NEWS
By Annette Gooch and Annette Gooch,Universal Press Syndicate | March 19, 2000
Crostini (Italian for "little toasts") are bread- or polenta-based appetizers that highlight the versatility of Italian cooking. Topped with sage-scented chicken liver pate, caponata or anchovy and a bit of cheese, crostini can be as elaborate or simple as the palate and the occasion warrants. These charming canapes are most often baked, broiled or toasted. For toasted bread rounds, preheat oven to 350 degrees. Slice day-old baguettes into 1/4 -inch slices. Brush on both sides with olive oil; place on baking sheet; dust with grated Parmesan, if desired.
FEATURES
By Betty Rosbottom and Betty Rosbottom,LOS ANGELES TIMES SYNDICATE | June 7, 1998
It always pleases me to meet young people who have an interest in food, as my own career was sparked by a year of study in France when I was in college. Several weeks ago, I received a phone call from an Amherst College senior who told me of a new gourmet club that she and other students had founded at the school."Would you be willing to give the group a cooking class?" she asked. We agreed on a date, and on the day of the lesson eight enthusiastic beginning cooks appeared at my door.Their ardor never waned during the three-hour session in which we prepared a simple Italian-inspired meal.
NEWS
By Betty Rosbottom and Betty Rosbottom,Los Angeles Times Syndicate | February 21, 1999
For a cook, an impromptu meal, organized at the last minute, is often more enjoyable than a dinner planned weeks in advance. Typically, when I schedule a dinner party, I invite guests two weeks ahead. Then I spend several hours culling my files and food magazines for menu selections. The day before the dinner, I cook most of the dishes, and finally I arrange fresh flowers for the table and iron napkins. And, of course, there's the house to get cleaned.Last-minute entertaining is much more spontaneous and certainly less stressful for me. This week, for example, when friends who had been searching for a new house telephoned to tell us that they had just bought their dream home, I invited them to bring photos of their future residence and come for supper the following evening.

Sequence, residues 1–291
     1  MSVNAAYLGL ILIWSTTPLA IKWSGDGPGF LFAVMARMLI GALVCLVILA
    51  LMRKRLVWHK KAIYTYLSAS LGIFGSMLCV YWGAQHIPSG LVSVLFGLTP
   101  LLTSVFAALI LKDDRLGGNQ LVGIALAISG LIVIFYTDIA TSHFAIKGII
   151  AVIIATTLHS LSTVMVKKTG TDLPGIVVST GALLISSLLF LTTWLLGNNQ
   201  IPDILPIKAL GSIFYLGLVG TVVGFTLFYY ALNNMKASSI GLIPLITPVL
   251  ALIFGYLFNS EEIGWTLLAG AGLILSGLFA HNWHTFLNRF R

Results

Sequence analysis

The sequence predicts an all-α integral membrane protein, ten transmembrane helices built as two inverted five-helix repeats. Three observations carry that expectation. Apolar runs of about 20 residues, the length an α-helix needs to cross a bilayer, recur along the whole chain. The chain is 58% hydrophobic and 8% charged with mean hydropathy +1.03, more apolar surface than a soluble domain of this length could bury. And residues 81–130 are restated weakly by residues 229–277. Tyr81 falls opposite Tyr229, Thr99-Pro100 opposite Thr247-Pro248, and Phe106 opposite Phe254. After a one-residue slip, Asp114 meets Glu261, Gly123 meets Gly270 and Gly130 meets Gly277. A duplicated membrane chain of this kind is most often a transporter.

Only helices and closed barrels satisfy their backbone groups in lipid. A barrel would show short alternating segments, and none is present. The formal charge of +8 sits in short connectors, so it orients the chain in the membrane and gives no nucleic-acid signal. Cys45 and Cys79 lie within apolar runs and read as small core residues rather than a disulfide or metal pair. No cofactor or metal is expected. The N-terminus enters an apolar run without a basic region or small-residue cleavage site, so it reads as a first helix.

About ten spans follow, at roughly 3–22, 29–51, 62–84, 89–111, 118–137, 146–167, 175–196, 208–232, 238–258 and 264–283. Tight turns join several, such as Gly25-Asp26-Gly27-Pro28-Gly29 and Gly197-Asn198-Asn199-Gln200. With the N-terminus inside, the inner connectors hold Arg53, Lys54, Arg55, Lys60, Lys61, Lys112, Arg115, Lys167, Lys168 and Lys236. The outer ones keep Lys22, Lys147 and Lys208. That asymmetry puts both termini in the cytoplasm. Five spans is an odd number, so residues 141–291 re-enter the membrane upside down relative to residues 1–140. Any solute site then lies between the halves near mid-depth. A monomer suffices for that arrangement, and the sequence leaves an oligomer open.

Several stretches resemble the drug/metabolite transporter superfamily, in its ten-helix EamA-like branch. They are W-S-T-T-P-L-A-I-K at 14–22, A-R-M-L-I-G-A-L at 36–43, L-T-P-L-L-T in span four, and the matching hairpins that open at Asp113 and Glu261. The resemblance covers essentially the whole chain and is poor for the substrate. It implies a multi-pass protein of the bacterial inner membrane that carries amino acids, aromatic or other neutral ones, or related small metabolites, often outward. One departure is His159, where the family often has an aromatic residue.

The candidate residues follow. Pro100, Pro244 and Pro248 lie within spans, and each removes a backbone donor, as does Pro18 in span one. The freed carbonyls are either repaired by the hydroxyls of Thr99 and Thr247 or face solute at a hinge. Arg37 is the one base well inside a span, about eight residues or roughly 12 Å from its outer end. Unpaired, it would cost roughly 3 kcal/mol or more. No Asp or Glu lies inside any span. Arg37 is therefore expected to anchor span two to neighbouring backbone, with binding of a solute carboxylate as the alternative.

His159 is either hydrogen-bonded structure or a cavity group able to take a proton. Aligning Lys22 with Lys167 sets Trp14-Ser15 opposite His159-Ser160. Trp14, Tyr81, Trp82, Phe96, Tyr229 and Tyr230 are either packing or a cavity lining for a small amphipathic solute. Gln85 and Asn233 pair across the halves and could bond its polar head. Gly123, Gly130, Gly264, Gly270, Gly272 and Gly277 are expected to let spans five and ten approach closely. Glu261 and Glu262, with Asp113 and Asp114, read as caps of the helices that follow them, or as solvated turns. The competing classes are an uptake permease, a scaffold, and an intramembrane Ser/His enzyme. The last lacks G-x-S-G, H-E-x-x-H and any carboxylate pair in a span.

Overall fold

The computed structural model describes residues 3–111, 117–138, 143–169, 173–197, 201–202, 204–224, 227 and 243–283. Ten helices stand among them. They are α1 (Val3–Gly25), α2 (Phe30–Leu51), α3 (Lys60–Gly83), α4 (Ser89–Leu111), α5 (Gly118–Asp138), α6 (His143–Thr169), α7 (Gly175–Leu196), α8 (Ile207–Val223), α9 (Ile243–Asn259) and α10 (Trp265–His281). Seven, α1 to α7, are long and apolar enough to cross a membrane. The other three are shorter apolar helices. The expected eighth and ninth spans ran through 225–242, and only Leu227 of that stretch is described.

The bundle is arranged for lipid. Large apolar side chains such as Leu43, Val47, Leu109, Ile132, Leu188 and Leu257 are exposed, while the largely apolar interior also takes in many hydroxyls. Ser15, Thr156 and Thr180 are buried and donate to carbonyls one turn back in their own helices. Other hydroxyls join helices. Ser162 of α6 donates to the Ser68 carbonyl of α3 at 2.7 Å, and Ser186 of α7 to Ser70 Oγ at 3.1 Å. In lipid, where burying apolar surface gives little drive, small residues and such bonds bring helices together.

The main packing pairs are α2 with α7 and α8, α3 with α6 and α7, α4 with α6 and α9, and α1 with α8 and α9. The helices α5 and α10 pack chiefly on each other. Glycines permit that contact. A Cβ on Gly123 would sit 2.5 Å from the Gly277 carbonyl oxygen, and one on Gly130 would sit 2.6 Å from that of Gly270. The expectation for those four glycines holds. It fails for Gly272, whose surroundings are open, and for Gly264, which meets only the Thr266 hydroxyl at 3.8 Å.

FEATURES
By Linda Lowe Morris | August 11, 1991
If you think of antipasto as that predictable plate of cured meats and sliced cheeses served in Italian restaurants, you have been both deceived and deprived.Michele Scicolone, even though she grew up in an Italian-American household, thought of it this way, too. "Restaurants in America have presented us with that stereotype," she says.But then 20 years ago, on her honeymoon, she and her brand-new husband went to Italy. They went into a small restaurant in Rome and there, off to the side of the dining room, was a huge banquet table spread with platters filled with all kinds of dishes.
NEWS
By Russ Parsons and Russ Parsons,LOS ANGELES TIMES | June 1, 2005